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Hetch Hetchy restoration could cost $10 billion

By Erica Holt, Bay City News Service

July 20, 2006

Restoring the Hetch Hetchy Valley could cost anywhere from $3 to $10 billion, according to a report released Wednesday by the state Department of Water Resources, which also warns that while conceptually feasible, more research is needed before dismantling a system supplying water to 85 percent of Bay Area residents.

Environmental groups, including Environmental Defense and Restore Hetch Hetchy, pushed for the study, and are optimistic about news that it may be possible to restore a valley that naturalist John Muir once fought to preserve before it flooded after Congress allowed the damning of the Tuolumne River in 1913.

Others, including many public officials, remain skeptical about the sky-high costs and possible detriment to the Bay Area's water supply.

The report, a summary of two decades of research, found draining the Hetch Hetchy reservoir and dismantling the O'Shaugnessy Dam while maintaining water quality, supply, storage and power generation could cost up to $10 billion. That's higher than the environmental groups' estimates of less than $2 million, which was based on less comprehensive factors, including costs of dam removal.

The Department of Water resources stopped short of issuing formal recommendations for moving forward.

Gary Bardini, chief hydrologist for the state who led the study, said his team's review of 20 years of research found "more lack of information than information'' and referred to the report as "conceptual,'' because of missing information about benefits, dam removal and water replacement.

Input from stakeholders, including the public, federal agencies, the San Francisco Public Utilities Commission and Native American tribes will be necessary for any future action, he said.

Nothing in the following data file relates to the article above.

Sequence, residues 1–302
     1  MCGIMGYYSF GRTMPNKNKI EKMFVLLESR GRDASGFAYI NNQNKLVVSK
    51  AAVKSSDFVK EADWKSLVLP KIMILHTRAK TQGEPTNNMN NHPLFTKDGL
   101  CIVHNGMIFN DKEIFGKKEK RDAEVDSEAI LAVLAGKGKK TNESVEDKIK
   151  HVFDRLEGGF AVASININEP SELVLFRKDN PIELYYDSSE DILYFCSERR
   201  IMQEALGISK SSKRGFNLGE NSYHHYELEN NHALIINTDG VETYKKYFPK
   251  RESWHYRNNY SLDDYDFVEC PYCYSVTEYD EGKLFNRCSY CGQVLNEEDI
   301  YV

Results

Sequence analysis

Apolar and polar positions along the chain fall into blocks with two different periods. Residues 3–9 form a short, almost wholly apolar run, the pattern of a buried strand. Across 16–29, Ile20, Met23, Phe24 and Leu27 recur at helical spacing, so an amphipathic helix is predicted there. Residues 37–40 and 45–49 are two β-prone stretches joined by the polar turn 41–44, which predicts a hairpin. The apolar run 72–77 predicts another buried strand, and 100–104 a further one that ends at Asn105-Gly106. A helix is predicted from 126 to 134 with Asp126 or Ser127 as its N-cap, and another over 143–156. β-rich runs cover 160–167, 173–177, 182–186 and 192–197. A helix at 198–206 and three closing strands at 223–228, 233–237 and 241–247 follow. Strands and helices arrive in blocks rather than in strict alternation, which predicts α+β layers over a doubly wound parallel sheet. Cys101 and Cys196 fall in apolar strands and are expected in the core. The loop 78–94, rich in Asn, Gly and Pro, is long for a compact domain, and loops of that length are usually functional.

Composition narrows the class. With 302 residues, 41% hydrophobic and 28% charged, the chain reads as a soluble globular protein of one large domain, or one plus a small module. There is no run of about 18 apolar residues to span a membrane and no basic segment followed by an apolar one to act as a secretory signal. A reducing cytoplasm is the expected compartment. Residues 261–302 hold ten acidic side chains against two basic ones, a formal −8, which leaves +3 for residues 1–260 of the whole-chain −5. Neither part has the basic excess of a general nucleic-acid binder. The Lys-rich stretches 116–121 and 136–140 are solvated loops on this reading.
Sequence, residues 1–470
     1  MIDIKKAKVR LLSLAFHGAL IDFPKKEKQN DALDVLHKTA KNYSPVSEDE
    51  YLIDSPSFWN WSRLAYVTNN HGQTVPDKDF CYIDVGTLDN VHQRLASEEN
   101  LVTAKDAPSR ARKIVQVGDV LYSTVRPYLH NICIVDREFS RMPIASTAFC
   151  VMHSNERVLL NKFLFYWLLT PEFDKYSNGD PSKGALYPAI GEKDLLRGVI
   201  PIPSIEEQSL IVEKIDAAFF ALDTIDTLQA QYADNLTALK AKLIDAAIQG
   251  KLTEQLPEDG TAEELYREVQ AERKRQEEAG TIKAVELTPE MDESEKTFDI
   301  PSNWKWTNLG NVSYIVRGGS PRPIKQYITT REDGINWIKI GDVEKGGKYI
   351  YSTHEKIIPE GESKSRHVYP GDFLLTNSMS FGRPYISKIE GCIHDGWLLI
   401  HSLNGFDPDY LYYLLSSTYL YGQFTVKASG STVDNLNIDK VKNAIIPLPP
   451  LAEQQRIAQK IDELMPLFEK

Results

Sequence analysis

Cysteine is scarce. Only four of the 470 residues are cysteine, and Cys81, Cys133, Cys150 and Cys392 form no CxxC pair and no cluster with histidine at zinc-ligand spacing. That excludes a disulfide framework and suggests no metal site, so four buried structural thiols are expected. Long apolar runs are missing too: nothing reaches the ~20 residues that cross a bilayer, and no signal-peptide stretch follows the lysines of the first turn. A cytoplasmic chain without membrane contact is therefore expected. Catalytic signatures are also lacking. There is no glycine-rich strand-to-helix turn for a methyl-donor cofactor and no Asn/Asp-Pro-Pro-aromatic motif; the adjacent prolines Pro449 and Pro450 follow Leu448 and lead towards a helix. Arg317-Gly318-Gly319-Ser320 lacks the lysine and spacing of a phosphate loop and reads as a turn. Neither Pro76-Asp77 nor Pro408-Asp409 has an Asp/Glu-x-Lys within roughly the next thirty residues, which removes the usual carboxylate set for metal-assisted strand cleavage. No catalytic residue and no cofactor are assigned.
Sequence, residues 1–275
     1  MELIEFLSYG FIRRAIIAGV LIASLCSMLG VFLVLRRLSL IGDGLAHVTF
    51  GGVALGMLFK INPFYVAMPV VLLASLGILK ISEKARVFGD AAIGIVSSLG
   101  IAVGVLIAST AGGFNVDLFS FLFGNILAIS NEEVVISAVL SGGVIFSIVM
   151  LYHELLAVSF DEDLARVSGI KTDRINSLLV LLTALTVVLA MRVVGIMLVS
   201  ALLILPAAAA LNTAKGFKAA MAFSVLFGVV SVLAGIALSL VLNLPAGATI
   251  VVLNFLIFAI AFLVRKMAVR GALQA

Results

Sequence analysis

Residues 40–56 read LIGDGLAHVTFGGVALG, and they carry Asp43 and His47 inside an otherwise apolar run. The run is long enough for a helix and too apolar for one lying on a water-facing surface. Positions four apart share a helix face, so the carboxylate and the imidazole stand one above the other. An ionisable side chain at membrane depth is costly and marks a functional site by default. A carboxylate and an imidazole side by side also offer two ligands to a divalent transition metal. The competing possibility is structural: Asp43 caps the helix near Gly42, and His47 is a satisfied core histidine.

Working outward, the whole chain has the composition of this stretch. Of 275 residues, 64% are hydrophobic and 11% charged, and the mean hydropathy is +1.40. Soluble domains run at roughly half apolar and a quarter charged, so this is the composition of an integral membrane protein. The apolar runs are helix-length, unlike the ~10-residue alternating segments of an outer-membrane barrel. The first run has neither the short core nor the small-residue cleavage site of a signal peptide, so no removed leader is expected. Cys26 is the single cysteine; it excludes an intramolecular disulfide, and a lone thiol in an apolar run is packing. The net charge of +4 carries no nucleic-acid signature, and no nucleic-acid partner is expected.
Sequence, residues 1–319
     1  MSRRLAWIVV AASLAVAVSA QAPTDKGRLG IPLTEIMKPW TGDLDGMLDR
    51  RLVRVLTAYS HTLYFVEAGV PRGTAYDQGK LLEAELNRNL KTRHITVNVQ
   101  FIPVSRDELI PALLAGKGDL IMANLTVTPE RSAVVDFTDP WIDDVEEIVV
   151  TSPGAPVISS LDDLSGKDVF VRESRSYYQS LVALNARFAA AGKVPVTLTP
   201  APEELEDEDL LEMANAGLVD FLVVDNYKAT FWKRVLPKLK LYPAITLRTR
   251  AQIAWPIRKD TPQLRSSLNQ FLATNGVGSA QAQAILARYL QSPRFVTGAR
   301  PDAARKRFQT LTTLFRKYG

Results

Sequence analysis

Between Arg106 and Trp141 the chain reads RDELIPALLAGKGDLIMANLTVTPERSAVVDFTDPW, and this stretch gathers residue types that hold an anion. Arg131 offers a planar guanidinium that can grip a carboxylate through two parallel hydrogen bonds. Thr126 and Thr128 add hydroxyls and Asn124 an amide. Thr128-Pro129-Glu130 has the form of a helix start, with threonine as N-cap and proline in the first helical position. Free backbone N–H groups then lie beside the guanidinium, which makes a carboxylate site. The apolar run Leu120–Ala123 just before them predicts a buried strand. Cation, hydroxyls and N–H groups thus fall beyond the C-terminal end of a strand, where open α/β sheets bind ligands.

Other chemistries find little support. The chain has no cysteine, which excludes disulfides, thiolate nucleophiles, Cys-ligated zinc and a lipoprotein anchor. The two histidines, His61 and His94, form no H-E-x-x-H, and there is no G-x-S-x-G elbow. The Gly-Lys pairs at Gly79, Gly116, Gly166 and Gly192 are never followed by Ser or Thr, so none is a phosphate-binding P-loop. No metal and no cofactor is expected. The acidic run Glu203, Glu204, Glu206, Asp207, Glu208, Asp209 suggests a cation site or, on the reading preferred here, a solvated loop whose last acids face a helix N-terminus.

The SFPUC runs the water system that brings an average of 220 million gallons of water per day from the Sierra Nevada to about 2.4 million customers in the San Francisco Bay Area, and generates an annual average of 1.7 billion kilowatt-hours of hydroelectricity.

"The report highlights that the prospect of removing the O'Shaugnessy Dam will result in higher costs and monumental challenges to the water system in the Bay Area,'' said SFPUC general manager Susan Leal. "No one says where the $10 billion will come from,'' she said, to dismantle "a system that provides clean water and power to the Bay Area.''

Sen. Dianne Feinstein issued a statement Wednesday expressing optimism that the report will end any further consideration of dissembling Hetch Hetchy.

"The bottom line is that Hetch Hetchy is a critical source of water and power for the State of California. Draining the reservoir would be far too expensive and leave the State vulnerable to both drought and blackout,'' she said.

In 1987, Secretary of the Interior Donald Hodel initially proposed the restoration of Hetch Hetchy Valley. Then, in 2004, Environmental Defense issued a report estimating restoration costs would be less than $2 billion, and stepped up advocacy efforts.

San Francisco Assemblyman Joe Canciamilla, D-Contra Costa, and Assemblywoman Lois Wolk, D-Yolo, also requested the study, which took over a year for the state to complete.

Assemblywoman Lois Wolk said Wednesday that "both of us saw an opportunity to restore a great treasure,'' adding she "continues to believe'' restoration is possible.

"It is in our reach to restore this valley without compromising California's long term water and power supply,'' she said.

Tom Graf, of Environmental Defense, said he remains hopeful about the report's findings, but stopped short of agreeing with the estimated costs, claiming that the state's alternatives rely on expensive dams and would replace far more water than would be lost.

Jerry Cadagan of Restore Hetch Hetchy said advocates would continue fighting.

A lot of people doubted the restoration was possible, he said.

"The good news is that it is feasible,'' he said. "We think it can be done.''

Copyright © 2006 by Bay City News, Inc. -- Republication, Rebroadcast or any other Reuse without the express written consent of Bay City News, Inc. is prohibited.




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